Over the course of its residential development, a number of stores arose to serve the neighborhood. Most are 1-part brick commercial buildings with awnings. The oldest appears to date to the turn of the 20th century and has segmental arch windows and a wraparound porch supported by decorative posts reminiscent of the Victorian period. Such stores generally sold staple items, some produce, and dry goods. Later stores in the district date to the 1920s and 1930s and offered greater selection. They feature glass storefronts and metal canopies held by iron tie rods. Increased automobile use opened the neighborhood to a greater customer base and these later enterprises served both the immediate neighborhood and the larger community. The J. B. Bayless Store No. 7 (NR 1985), at 825 N. 7th Street is an excellent example of this type of store in the Garfield Historic District. Built on a busy commuter route in 1928, the store featured five departments and advertised “ample automobile parking” in front of the store. Another example is Brown’s Pharmacy (NR 1985), built in 1927 at 1002 E. Pierce Street. Located at the principal streetcar stop in the Garfield neighborhood – the corner of Pierce and 10th streets – the business likely catered to residents in surrounding neighborhoods in addition to the local clientele.
Although the neighborhood was largely completed by the 1930s, builders continued to develop the remaining vacant lots with modern houses. By the end of the 1930s, early Ranch style houses with low pitched roofs and steel casement windows began to appear as infill housing in the neighborhood. After World War II, builders resumed construction of Early/Transitional Ranch Style houses; some were built on the few undeveloped lots in the neighborhood but others replaced some of the oldest houses in the district.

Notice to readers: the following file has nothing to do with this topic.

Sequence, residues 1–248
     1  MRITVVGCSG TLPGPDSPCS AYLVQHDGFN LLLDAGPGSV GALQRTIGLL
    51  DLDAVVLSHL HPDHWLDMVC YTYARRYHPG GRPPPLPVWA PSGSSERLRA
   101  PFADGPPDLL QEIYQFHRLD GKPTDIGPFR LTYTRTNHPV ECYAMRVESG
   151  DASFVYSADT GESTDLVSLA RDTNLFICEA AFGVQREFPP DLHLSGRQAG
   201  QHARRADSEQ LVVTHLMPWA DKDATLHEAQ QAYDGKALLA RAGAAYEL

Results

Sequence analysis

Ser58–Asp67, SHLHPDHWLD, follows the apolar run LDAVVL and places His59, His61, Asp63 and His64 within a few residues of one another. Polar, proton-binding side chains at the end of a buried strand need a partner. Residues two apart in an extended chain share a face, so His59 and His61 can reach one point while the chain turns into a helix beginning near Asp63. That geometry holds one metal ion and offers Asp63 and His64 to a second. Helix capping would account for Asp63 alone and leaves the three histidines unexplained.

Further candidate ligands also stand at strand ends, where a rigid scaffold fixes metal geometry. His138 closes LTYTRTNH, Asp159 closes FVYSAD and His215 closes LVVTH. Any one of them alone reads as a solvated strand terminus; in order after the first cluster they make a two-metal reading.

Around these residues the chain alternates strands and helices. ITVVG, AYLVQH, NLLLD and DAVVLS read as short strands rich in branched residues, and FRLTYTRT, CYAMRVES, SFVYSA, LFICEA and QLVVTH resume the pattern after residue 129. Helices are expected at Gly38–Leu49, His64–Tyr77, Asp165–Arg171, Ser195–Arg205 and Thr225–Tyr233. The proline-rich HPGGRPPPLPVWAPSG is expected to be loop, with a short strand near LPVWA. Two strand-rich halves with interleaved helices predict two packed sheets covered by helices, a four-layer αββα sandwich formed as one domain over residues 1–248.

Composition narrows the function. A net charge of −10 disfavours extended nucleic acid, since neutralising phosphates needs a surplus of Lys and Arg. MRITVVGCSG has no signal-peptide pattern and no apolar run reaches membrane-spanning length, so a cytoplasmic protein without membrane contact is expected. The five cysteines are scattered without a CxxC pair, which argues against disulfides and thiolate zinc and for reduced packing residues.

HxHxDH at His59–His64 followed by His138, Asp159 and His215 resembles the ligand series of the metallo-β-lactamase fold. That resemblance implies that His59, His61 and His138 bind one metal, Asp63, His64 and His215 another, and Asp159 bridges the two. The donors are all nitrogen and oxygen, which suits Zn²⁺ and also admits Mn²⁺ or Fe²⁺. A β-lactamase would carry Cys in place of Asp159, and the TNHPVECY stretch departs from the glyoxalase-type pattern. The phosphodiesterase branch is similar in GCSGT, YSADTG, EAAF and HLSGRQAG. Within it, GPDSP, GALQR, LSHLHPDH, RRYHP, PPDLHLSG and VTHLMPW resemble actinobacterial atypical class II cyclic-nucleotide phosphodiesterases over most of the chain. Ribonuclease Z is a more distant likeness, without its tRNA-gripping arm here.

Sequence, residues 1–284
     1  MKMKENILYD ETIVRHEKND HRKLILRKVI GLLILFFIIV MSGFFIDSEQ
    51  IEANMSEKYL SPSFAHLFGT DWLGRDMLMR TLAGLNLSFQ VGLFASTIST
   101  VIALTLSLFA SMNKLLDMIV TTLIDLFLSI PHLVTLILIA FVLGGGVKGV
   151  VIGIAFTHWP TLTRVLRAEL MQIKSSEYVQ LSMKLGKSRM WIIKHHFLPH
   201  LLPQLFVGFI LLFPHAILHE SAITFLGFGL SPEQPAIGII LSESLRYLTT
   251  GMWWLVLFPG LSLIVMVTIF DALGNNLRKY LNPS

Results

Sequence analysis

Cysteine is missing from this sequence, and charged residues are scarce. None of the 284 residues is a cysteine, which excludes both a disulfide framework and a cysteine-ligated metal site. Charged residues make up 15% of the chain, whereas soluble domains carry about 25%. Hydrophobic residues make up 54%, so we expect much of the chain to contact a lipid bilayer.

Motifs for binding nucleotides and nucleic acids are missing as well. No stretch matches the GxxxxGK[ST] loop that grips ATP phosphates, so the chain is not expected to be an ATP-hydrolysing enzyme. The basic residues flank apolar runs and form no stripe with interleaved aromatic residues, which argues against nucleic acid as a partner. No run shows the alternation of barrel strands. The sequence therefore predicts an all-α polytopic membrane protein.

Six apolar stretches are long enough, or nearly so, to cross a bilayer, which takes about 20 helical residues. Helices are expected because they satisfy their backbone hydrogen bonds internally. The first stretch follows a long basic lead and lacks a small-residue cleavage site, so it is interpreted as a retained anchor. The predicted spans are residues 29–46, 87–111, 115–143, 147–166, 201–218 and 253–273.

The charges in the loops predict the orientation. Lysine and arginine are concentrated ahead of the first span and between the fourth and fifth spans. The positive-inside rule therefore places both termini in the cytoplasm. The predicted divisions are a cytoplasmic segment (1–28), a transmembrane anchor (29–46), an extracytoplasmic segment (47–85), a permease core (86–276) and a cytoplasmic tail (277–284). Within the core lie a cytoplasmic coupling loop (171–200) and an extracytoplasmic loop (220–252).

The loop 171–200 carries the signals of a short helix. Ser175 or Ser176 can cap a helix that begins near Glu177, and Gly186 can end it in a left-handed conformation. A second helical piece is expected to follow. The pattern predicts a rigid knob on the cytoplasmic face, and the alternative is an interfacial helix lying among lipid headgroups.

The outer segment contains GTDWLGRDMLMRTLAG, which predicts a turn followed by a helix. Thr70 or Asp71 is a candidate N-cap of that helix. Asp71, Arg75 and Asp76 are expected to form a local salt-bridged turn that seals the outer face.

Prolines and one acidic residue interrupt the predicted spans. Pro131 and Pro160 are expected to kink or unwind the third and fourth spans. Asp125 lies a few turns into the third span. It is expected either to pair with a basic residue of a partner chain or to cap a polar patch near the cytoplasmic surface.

A relatively long period through the 1950s passed with little or no new construction in the district. 1950s. By the 1960s, some older houses were demolished for some multi-family apartment complexes. More recently, older homes have been demolished and replaced with new “bungalows”. Most are side-gabled stucco houses with shed-roofed “eyebrow” dormers. While they are noncontributing elements of the district, they are similar in size, scale, massing, and setback to the many Craftsman and Classical Revival bungalows throughout the district.
Due to the district’s age, houses in the Garfield Historic District displays a variety of residential styles that represent a wide range of architectural designs that gained popularity over an approximately 60-year period of time. Among the earliest houses are a handful of Vernacular farmhouses. In the early 20th century, Classical Revival houses with overarching hipped roofs and deep porches supported by classical order columns were built. In the 1910s, 1920s, and into the 1930s, Craftsman bungalows held sway and many are represented in the district. Because the neighborhood was largely built out by the 1930s, it has only a handful of Period Revival styles. Tudor and Spanish Colonial Revival or Southwest styles are the most common in this district. The postwar period saw a number of early and transitionalRanch Style houses as well as some modest Minimal Traditional cottages. Early/Transitional Ranchstyle houses are more common and feature brick or concrete block with hipped roofs, clay tile ridgelines, and steel casement windows.
ii Sanborn maps indicate that a school was under construction at the site in 1893.
iii The Dennis Addition was only the second addition to the city of Phoenix.
iv By 1899, when the addition was annexed by the city of Phoenix, other streets were created through the neighborhood including the Highland Street (Garfield), Sunnyside Avenue (Garfield), State (McKinley), Hermosa (Fillmore) Prospect (Taylor), and Alta (10th) Street. These streets resulted from later resubdivisions within the addition.
v The 1899 annexation plat of the Dennis Addition showed Block 1 divided into building lots but did not indicate that the land had been resubdivided since Dennis’s original addition was filed.
Information excerpted from the National Register of Historic Places Registration Form, June 19, 2009.http://phoenix.gov/HISTORIC/garfield.pdf Courtesy of:
Historic Preservation Office of the City of Phoenix Neighborhood Services Department
200 West Washington Street
Phoenix, Arizona 85003